Venezuelan bonds — could the rally fizzle out soon?

April 29, 2011

Could it be time to sell Venezuelan dollar bonds? With oil prices hitting new highs, debt issued by the energy-rich Latin American state have been a sizzling favourite with investors this year,  who have been lapping up the 14-16 percent yields. Anyone who bought Venezuelan bonds at the start of this year would have earned a 6.4 percent return versus the 2 percent earned by the EMBIG emerging bond index.  

But JP Morgan this week told clients it was cutting its overweight position on Venezuela. It seems like a good time to take some profit, the bank reckons, especially with an election looming and some worrying headlines of late.

President Hugo Chavez will seek re-election in 2012 and has begun to increase government spending. Venezuela’s inflation rate is already one of the highest in the world. A new windfall tax on oil companies will hit capex spending. And the country may have to pay up to $7 billion to settle cases brought against it by international oil firms that had assets seized  during a past nationalisation campaign, the bank says.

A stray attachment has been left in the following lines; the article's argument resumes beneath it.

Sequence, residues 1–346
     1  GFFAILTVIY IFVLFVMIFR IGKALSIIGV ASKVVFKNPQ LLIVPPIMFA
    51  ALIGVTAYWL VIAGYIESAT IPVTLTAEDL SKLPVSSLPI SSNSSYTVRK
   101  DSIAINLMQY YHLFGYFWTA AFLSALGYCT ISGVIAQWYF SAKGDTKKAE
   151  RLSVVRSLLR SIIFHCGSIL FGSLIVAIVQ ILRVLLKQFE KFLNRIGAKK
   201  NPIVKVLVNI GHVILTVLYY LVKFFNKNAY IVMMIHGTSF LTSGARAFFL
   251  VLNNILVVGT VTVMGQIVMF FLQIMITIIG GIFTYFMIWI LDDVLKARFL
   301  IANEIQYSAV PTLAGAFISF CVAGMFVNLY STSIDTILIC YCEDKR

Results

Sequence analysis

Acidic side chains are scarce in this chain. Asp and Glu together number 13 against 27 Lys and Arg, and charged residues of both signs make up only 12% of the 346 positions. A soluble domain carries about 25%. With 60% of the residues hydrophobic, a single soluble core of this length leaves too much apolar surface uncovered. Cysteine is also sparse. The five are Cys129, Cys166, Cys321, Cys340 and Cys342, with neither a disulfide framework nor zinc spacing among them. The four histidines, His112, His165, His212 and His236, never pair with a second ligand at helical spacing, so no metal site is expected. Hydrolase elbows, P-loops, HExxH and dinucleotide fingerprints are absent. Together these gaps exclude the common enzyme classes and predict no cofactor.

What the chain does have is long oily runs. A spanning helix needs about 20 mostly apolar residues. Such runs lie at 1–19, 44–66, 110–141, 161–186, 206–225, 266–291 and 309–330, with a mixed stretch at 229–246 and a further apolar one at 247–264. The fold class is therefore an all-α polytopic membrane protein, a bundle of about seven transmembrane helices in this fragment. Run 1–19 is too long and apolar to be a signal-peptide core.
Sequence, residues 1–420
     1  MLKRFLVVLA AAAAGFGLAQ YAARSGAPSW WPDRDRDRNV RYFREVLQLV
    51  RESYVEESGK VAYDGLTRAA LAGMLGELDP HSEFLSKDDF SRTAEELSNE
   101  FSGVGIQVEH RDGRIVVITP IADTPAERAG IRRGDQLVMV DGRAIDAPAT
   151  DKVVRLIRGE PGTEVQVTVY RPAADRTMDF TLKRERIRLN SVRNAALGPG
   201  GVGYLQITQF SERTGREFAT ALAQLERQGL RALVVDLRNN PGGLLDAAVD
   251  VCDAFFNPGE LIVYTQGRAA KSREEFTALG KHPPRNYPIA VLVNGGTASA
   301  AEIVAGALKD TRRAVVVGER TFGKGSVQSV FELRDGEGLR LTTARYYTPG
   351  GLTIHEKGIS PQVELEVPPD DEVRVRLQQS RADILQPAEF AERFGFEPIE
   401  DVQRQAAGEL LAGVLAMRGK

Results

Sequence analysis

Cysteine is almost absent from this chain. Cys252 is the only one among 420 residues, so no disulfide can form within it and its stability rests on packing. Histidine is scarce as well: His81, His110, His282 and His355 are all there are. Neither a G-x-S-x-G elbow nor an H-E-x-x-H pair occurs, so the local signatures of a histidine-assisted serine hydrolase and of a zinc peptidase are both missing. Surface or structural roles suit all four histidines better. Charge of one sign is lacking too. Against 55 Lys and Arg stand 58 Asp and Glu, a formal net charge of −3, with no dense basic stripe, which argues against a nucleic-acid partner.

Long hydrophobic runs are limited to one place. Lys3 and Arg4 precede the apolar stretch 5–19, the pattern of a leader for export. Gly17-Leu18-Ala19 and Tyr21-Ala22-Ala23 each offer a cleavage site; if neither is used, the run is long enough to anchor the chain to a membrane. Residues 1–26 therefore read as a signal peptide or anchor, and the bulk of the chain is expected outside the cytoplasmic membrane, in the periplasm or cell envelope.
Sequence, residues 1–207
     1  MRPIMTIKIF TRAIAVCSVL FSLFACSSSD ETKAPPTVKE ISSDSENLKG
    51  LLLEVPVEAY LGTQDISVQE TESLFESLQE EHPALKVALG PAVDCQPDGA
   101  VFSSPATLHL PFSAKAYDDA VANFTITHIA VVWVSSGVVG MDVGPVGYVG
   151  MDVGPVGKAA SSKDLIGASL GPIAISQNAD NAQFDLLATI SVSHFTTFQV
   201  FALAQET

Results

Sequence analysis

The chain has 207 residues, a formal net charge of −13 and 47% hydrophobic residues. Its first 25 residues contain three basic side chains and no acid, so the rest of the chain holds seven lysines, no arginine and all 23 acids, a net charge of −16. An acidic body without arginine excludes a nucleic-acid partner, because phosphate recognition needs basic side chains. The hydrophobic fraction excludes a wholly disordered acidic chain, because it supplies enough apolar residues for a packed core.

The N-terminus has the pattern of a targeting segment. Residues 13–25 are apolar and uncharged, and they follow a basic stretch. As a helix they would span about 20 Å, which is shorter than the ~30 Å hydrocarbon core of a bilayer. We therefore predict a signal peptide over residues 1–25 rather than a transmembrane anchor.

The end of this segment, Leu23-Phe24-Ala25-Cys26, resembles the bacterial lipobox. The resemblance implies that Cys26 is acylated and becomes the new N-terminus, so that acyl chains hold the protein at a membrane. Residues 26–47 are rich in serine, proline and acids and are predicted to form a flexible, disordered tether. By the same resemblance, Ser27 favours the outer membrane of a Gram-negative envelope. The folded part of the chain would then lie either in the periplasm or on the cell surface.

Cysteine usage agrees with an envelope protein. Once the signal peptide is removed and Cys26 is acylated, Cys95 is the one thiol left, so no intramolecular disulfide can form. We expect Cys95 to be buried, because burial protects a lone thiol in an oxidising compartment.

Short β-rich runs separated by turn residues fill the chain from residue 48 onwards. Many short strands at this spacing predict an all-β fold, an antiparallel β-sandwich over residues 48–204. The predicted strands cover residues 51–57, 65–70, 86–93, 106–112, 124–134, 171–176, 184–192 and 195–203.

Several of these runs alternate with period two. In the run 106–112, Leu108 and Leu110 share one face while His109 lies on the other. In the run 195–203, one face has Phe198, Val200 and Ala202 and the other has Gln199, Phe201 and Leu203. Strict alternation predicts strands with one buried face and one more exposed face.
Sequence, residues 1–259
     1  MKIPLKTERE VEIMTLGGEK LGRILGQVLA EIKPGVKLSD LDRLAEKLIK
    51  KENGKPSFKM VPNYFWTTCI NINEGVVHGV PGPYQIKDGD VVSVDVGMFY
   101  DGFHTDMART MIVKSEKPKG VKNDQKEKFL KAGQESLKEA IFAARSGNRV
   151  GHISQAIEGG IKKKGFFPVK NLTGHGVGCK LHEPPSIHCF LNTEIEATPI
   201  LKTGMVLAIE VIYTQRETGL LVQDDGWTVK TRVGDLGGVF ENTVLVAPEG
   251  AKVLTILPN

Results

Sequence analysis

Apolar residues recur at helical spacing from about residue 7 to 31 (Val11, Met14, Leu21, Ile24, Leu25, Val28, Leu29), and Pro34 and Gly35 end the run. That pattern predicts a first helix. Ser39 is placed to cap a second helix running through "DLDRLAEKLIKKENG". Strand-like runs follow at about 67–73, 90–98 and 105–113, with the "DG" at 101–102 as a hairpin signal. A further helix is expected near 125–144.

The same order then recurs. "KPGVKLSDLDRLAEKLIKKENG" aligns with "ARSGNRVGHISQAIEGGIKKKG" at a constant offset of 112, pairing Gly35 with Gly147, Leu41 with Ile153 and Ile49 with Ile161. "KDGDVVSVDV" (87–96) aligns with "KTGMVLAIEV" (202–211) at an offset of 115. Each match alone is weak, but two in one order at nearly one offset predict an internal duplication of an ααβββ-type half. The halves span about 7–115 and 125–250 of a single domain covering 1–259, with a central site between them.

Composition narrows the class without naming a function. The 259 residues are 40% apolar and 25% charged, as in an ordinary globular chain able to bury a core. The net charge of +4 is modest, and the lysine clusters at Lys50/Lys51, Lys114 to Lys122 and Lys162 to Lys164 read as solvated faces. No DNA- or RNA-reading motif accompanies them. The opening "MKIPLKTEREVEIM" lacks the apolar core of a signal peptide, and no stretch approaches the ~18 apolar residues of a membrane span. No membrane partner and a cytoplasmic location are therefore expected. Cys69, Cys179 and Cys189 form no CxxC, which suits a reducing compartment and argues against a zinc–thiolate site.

Worse still, the country’s central bank posted some sobering data  recently, JP Morgan points out. The data showed that despite bumper oil earnings, Venezuela’s hard currency reserves are at $25.8 billion, their lowest since August 2007.  That’s down $3.6 billion this year.  Especially worrying is that just $6.2 billion is in hard cash and the rest is in gold.

“We expect the news flow over the coming months to continue to turn more challenging for bondholders.” JP Morgan analysts write.

Many will argue that it is precisely because of all these risks that Venezuelan yields are so high.  Barclays for instance says it remains bullish on Venezuelan debt, noting oil export earnings will top $90 billion this year — $16 billion more than originally expected.

Oil in fact is the key. Fund managers like to point out that President Chavez paid his debts when oil prices were languishing at $11 a barrel in 1999. He can hardly fail to do so when they are at $120 a barrel.

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